Even Bob Huggins has to be a little happy with his team nowadays.
The coach of the Kansas State men's basketball team watched the Wildcats lose its first two Big 12 Conference games earlier this month, but the team is becoming a more consistent bunch and is now riding a four-game winning streak.
K-State (14-6 overall, 3-2 Big 12) had its last out-of-conference game Monday night against Chicago State, and the Wildcats easily defeated the Cougars 73-36 in Bramlage Coliseum.
The point total of Chicago State was less than half its season average of 72.2 points per game. Senior Cartier Martin is now coming off the bench, but has filled his new role nicely. He led the way for K-State with 25 points on 11-of-15 shooting. He also had five rebounds in 25 minutes.
"It was fun. I did what I had to do to put the ball into the hole," Martin said. "My teammates were finding me on the baseline, and I got off some good shots.
"Today was all about us getting better as a team, and I feel like we did that." Junior David Hoskins recorded his second-career and second-straight double-double. He finished with 15 points, 10 rebounds and five assists. Seniors Lance Harris and Akeem Wright both added 12 points for K-State.
"I think they gave me a couple of Cartier's rebounds, but hey, I'll take them," Hoskins said, jokingly, after being asked about his recent rebounding efforts. He had 22 points and 11 rebounds Jan. 20 in a 69-60 win at Iowa State. "I don't what's been different lately, the ball is just falling into my hands. I seem to be getting into the right place at the right time."
Six players for Chicago State came into the game averaging at least 10 points, but junior John Cantrell was the only Cougar to score in double figures against K-State finishing with 14.
Junior David Holston and senior Royce Parran came into the game leading the team in scoring with a combined average of 30 points per game. Holston was also coming off a 34-point effort in an 82-72 win over Western Illinois and the two players had hit a combined 115 three-point shots in 23 games this season.
This game was a different story.
The players were continually fighting through screens trying to find open looks, but they were unable to create their own shots. This was probably because they are 5-foot-9 inches and 5-foot-8 inches, respectively, and that's why they had to go through so many screens to try and get open looks against the taller Wildcat defenders.. K-State had to work hard to keep these two under control, constantly switching guarding responsibilities between Wright, senior Jermaine Maybank, and juniors Clent Stewart and Blake Young.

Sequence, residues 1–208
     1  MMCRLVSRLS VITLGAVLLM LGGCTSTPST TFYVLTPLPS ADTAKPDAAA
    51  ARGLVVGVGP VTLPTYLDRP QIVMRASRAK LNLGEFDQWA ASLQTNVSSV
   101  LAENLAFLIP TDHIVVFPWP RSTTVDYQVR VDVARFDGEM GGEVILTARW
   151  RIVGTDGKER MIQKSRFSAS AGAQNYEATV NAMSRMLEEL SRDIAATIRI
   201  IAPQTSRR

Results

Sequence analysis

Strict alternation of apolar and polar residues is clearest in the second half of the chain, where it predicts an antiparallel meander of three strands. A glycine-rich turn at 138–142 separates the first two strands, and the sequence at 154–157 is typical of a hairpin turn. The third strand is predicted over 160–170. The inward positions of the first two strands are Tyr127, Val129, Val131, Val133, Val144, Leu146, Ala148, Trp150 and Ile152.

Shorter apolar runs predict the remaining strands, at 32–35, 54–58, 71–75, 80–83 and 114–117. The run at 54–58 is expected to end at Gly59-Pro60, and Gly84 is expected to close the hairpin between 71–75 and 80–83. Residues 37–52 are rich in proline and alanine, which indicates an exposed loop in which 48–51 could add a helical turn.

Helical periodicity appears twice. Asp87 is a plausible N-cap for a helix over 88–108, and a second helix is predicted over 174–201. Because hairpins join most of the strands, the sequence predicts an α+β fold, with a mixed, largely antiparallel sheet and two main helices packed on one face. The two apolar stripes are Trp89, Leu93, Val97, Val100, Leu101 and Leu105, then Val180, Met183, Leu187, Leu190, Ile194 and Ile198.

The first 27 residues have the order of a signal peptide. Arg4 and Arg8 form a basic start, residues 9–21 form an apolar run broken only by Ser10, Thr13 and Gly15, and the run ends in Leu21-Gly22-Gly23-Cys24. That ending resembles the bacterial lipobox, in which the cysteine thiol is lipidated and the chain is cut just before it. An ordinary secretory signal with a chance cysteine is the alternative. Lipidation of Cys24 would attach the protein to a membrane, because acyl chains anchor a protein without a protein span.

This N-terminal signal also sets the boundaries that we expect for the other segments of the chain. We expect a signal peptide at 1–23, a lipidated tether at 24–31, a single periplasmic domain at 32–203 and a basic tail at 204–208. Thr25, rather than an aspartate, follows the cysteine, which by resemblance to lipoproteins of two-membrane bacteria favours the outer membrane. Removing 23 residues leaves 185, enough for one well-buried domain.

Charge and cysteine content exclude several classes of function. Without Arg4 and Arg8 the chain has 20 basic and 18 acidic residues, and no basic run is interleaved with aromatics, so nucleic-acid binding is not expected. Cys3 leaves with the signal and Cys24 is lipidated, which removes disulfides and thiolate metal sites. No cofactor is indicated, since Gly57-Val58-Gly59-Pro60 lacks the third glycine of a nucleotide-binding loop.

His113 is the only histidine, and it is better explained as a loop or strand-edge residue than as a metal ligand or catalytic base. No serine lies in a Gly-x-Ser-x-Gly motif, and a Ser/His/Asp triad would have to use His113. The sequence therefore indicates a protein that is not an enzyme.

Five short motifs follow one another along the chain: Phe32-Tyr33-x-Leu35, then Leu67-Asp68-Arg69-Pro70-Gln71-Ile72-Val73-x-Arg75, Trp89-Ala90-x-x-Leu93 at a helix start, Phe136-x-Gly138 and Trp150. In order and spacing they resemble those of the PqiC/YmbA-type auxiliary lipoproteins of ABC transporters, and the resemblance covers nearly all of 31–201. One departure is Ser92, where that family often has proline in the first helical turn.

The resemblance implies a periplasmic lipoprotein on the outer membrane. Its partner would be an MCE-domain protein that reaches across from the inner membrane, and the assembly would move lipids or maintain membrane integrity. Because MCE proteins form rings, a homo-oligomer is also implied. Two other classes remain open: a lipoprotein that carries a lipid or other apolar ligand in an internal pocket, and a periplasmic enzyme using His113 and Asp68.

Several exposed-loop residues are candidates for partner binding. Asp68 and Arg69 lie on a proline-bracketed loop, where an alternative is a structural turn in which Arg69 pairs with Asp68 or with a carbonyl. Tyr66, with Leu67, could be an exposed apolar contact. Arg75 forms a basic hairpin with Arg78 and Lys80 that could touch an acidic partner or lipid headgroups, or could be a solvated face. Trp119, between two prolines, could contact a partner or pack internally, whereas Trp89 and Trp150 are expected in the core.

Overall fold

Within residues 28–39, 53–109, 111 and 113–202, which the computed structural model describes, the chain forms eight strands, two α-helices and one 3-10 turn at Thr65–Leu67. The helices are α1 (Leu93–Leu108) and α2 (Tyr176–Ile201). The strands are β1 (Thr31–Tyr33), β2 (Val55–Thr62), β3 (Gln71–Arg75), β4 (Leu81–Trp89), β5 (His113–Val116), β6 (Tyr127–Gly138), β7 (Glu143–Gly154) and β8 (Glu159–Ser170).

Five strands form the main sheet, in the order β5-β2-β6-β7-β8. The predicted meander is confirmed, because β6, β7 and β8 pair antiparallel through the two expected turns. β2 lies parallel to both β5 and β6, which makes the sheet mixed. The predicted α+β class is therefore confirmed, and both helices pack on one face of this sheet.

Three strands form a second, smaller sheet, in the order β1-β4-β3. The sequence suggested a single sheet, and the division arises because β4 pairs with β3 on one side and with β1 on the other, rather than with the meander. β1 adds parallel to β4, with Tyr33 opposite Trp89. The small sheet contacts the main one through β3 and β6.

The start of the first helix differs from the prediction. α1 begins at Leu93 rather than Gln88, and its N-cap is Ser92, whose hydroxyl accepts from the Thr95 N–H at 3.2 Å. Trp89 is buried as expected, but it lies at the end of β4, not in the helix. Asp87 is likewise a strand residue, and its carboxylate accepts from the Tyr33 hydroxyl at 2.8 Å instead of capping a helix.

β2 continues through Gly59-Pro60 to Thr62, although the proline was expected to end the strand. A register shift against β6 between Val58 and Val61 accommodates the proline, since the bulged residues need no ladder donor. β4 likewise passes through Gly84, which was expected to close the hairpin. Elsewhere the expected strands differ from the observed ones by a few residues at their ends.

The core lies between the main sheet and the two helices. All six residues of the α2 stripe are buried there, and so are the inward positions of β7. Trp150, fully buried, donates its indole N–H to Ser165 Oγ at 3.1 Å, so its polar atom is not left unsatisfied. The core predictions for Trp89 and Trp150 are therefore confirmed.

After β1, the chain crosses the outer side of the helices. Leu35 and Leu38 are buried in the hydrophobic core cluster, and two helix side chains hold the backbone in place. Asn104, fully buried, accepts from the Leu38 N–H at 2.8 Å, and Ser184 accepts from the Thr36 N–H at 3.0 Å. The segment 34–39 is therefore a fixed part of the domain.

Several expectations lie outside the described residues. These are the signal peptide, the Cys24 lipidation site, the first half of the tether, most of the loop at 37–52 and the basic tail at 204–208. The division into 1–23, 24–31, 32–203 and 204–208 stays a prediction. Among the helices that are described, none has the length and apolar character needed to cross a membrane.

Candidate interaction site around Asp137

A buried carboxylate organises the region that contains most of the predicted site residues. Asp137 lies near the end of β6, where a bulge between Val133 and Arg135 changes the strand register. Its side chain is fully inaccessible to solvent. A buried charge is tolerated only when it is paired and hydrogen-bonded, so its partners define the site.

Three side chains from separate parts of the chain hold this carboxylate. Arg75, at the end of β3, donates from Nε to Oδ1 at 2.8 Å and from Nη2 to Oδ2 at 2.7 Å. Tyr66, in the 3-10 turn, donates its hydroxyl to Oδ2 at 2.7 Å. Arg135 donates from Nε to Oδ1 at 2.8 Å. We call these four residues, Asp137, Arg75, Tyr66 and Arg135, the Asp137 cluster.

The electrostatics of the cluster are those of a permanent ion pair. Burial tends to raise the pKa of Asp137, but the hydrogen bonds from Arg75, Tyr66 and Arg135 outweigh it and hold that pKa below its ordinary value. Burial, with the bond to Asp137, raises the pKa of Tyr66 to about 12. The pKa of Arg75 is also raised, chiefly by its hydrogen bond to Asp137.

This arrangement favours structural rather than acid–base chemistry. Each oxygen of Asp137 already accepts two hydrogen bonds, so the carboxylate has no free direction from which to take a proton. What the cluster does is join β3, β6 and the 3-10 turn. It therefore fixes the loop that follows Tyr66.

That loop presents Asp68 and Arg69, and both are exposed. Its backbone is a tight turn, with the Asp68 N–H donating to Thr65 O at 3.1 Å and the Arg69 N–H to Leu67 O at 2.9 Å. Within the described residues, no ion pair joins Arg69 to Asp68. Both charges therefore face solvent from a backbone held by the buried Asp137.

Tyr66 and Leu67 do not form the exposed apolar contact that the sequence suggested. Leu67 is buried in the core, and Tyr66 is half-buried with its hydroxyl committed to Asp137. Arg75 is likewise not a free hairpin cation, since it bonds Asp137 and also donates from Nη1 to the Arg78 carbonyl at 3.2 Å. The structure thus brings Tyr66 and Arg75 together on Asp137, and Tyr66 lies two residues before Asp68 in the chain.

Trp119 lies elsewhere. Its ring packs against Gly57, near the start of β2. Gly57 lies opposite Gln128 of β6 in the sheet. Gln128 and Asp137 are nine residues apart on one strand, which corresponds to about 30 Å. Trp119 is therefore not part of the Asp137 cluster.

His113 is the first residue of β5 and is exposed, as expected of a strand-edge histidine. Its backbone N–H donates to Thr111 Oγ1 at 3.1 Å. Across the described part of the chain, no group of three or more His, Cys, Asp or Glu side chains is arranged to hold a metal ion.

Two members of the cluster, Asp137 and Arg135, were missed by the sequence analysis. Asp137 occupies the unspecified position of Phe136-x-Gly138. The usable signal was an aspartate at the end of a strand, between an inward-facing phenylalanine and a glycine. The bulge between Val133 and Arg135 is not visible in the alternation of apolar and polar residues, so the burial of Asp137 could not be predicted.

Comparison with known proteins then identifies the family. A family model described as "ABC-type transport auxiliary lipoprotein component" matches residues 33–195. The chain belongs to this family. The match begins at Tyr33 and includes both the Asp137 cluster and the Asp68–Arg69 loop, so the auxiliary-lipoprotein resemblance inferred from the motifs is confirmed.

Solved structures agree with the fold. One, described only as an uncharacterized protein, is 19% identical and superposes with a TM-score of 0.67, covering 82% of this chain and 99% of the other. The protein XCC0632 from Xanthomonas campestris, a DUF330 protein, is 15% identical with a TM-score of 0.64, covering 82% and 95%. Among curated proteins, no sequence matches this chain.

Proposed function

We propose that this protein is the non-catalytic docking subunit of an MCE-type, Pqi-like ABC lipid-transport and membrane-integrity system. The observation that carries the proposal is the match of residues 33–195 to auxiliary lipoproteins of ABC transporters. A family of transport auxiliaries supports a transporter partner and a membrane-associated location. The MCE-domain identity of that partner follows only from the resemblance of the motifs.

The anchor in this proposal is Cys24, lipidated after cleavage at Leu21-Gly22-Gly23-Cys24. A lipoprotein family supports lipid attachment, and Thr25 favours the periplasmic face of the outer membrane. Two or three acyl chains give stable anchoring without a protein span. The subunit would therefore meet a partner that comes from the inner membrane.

These four had the tough task of running with Parran and Holston all game long to try and stop them from getting open looks from behind the arc, because Huggins ran a man defense the whole game.
Not only did the Wildcats not allow these two to get into a rhythm, they hardly allowed them any type of a quality look at the basket. The four Wildcat guards won the battle for most of the game, as they held the duo from Chicago State to just 3-of-19 from the field and just 1-12 from behind the arc.
This matchup for K-State showed they have the defenders to stay with and contain quick, elusive guards. This will be a huge factor as most of the teams in the Big 12 have a guard or two that can run up and down the court with any team.
Chicago State only shot 22 percent from the field, and was outrebounded 44-34 by K-State.
"This is a totally different team out there than when we were banging into each other against William & Mary (in the first game of the season)," Huggins said. "I think we are playing a lot harder recently, and the players are becoming more trusting of each other out there on the court."
Huggins also went on to compliment center Jason Bennett, who blocked a shot by senior Aaron Williams at the 5:46 mark in the second half to give him seven blocked shots for the game, which set a new single-game school record. He finished with eight for the game after getting one last rejection.
With 1:23 to play, he recorded the school and Bramlage Coliseum record eighth block and then gave a wag of his finger to the student section, a move most notably used by the Houston Rockets' Dikembe Mutombo.
"I saw him do that in a game the other day, and I decided that I gotta start doing that," Bennett said. He also scored four points and grabbed four rebounds in the contest. "My confidence was a little down lately, but now it has shot up so much, and I can't wait to play Nebraska. Now that I have the record, I'm going to go out every game and try to break it as often as I can."